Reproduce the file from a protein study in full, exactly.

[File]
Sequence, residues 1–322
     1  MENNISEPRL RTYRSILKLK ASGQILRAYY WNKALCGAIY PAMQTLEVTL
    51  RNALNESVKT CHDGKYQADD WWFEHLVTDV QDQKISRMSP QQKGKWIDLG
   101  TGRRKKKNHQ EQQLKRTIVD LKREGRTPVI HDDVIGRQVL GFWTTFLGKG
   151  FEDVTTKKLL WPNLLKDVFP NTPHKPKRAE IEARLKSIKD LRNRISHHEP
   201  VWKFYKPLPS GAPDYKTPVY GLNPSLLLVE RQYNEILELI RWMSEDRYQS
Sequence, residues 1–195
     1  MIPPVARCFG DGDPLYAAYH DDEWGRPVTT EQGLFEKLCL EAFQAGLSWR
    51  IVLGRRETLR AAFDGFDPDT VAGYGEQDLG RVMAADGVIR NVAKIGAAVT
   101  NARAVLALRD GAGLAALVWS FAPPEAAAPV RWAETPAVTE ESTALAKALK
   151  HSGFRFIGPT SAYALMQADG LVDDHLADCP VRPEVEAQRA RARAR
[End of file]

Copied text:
Sequence, residues 1–322
     1  MENNISEPRL RTYRSILKLK ASGQILRAYY WNKALCGAIY PAMQTLEVTL
    51  RNALNESVKT CHDGKYQADD WWFEHLVTDV QDQKISRMSP QQKGKWIDLG
   101  TGRRKKKNHQ EQQLKRTIVD LKREGRTPVI HDDVIGRQVL GFWTTFLGKG
   151  FEDVTTKKLL WPNLLKDVFP NTPHKPKRAE IEARLKSIKD LRNRISHHEP
   201  VWKFYKPLPS GAPDYKTPVY GLNPSLLLVE RQYNEILELI RWMSEDRYQS
Sequence, residues 1–195
     1  MIPPVARCFG DGDPLYAAYH DDEWGRPVTT EQGLFEKLCL EAFQAGLSWR
    51  IVLGRRETLR AAFDGFDPDT VAGYGEQDLG RVMAADGVIR NVAKIGAAVT
   101  NARAVLALRD GAGLAALVWS FAPPEAAAPV RWAETPAVTE ESTALAKALK
   151  HSGFRFIGPT SAYALMQADG LVDDHLADCP VRPEVEAQRA RARAR